Black Veterans Suffer High Unemployment

New numbers show that Black service men and women have a hard time finding work after returning to civilian life.

Posted: 11/07/2011 12:45 PM EST
Filed Under Military, Economy

Military service is often thought of as a way to secure lifelong job opportunities, whether currently serving or as a veteran. However, new unemployment numbers from the Labor Department are challenging that notion and show that employment numbers among Black veterans are dismally low.

According to the report released Thursday, Black veterans, who make up only 11.9 percent of the entire veteran labor force, accounted for 17.5 percent of overall veteran unemployment in 2010. The data also showed that unemployment among Black veterans has steadily increased from 2007 to 2010, rising seven points and landing at 12.7 percent.

Comparatively, Black veterans have the highest overall rate of unemployment, as white veterans showed an unemployment rate of only 8.1 percent, followed by 9.2 percent for Hispanic veterans and 4.4 percent for Asian veterans.
 
The numbers are reflective of a nationwide trend concerning Black unemployment. New numbers released Friday showed that despite modest gains, the overall unemployment rate for Blacks (15.1 percent) still leads the national average of 9 percent.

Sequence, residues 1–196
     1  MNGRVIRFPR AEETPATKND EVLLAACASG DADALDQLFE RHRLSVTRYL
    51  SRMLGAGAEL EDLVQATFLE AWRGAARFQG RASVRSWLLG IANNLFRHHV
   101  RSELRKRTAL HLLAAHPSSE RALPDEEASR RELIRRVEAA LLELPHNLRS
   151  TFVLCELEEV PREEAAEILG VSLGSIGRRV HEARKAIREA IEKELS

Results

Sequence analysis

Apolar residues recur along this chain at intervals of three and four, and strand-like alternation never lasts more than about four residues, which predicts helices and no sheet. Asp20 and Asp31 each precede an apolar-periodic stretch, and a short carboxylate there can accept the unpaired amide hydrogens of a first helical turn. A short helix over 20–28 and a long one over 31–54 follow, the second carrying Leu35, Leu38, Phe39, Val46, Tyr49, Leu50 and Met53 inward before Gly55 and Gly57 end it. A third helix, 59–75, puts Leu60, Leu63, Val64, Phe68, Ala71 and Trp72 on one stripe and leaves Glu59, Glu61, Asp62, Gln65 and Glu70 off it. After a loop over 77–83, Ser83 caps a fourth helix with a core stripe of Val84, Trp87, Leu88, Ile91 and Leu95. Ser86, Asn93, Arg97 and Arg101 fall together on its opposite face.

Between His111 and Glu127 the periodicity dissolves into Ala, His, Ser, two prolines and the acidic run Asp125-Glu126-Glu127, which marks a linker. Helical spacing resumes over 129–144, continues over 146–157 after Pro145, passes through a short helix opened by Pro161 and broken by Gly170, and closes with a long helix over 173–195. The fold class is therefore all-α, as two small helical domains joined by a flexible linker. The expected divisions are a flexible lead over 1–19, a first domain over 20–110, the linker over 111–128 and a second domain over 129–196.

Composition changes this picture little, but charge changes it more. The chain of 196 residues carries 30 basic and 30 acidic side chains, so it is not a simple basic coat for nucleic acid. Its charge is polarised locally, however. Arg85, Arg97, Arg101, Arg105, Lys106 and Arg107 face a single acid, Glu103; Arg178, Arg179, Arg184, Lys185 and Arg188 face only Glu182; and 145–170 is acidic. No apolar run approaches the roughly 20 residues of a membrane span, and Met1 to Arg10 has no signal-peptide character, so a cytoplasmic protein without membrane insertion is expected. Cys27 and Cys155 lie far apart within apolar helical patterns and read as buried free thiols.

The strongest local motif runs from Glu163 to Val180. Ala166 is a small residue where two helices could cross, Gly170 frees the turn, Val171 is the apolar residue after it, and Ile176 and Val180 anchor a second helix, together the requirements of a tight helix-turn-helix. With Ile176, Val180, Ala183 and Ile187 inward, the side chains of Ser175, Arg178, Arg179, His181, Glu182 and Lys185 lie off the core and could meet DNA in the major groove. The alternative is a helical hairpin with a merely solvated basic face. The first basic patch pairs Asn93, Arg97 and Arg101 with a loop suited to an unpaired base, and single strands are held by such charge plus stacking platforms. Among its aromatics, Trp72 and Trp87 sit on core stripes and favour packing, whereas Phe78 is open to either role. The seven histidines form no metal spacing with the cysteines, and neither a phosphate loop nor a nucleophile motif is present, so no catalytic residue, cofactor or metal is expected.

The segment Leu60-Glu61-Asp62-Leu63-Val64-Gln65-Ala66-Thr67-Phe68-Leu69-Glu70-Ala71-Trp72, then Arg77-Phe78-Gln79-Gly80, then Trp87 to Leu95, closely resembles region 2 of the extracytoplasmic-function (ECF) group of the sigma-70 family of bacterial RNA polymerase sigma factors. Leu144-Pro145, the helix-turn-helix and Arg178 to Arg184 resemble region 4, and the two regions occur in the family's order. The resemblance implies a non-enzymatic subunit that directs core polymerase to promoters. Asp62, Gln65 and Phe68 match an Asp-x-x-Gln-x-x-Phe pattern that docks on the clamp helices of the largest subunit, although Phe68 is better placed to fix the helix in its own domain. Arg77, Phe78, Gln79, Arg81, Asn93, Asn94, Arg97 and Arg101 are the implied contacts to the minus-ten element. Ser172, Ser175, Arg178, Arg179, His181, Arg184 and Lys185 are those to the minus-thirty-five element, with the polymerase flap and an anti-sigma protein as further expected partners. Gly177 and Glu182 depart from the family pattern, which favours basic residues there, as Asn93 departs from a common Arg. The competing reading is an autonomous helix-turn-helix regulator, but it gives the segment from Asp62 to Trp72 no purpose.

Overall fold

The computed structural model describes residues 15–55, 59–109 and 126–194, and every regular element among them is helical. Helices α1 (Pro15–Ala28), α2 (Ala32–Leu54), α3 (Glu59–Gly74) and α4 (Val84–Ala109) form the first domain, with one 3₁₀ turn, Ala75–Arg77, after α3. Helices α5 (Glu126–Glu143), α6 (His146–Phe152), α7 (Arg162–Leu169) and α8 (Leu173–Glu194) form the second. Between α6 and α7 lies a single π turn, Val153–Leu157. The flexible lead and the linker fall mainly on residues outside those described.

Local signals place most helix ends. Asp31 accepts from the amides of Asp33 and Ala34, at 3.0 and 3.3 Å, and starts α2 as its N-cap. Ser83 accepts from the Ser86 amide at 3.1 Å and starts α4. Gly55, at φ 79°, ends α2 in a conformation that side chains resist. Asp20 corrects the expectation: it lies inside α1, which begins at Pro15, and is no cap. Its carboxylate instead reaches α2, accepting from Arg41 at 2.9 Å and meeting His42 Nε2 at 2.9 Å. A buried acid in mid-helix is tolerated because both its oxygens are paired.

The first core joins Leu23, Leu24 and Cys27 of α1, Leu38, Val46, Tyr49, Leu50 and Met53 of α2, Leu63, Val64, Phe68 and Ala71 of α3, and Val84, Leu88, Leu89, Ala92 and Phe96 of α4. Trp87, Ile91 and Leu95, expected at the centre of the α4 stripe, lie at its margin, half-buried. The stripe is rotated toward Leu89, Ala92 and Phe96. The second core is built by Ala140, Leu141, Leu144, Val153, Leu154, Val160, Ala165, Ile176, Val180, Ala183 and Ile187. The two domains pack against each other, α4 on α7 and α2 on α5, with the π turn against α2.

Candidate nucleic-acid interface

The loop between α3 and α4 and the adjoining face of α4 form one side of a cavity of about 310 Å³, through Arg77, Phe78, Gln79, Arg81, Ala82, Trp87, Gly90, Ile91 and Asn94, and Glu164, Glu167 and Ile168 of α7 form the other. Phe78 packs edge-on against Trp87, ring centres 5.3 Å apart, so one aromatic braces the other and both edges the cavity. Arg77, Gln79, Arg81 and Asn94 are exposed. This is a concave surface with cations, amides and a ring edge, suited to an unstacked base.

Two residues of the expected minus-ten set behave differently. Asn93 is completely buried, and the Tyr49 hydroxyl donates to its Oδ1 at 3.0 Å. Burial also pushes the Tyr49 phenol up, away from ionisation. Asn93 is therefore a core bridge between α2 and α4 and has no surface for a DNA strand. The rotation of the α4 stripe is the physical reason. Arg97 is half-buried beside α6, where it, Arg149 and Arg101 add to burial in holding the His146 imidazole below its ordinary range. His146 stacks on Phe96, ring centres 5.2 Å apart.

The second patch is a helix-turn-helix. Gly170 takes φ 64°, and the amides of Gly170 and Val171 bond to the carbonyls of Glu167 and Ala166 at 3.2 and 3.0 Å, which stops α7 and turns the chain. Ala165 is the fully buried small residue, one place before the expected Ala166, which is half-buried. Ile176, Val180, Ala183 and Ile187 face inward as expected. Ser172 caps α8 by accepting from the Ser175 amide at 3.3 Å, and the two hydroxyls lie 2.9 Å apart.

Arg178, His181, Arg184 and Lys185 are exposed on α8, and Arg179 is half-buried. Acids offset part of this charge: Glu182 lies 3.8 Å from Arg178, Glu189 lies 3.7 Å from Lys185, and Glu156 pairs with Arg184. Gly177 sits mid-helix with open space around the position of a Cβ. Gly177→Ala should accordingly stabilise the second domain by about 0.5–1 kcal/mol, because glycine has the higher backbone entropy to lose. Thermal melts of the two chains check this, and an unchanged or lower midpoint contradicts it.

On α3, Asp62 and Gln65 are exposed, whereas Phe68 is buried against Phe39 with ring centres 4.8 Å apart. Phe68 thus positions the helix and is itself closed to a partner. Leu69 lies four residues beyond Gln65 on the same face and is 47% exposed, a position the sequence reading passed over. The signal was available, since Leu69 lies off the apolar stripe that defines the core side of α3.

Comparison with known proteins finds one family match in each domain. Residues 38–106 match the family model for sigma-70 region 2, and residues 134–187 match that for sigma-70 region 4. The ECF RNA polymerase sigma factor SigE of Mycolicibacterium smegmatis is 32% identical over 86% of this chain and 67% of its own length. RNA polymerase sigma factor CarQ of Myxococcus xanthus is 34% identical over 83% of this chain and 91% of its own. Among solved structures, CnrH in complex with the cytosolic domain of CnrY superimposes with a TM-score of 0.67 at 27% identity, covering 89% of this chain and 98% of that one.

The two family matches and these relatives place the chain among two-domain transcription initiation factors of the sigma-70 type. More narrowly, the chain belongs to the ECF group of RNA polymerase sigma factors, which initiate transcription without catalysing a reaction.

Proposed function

Veterans make up 7.7 percent of the U.S. labor force and, in response to the statistics, the Labor Department announced that it plans to revamp its veterans' employment programming to reflect changes in the marketplace and to stem the problem of veteran unemployment.

"We know from experience that military skills are invaluable in the civilian workforce, but we need to do better at connecting these young men and women to employers," said Labor Department Secretary Hilda L. Solis. "…We have a duty to serve our military families as well as they have served us, and that's especially true of the recent announcement that our combat troops are coming home from Iraq.”

President Obama has also addressed the issue of veteran unemployment in his proposed American Jobs Act. As a part of the bill, the proposed Returning Heroes Tax Credit would provide up to $5,600 for businesses that hire veterans who have been unemployed for six months or longer. The plan also includes the Wounded Warriors Tax Credit, which promises to increase the tax credit for a business that hires a veteran with a service-connected disability up to $9,600.


(Photo: Chip Somodevilla/Getty Images)

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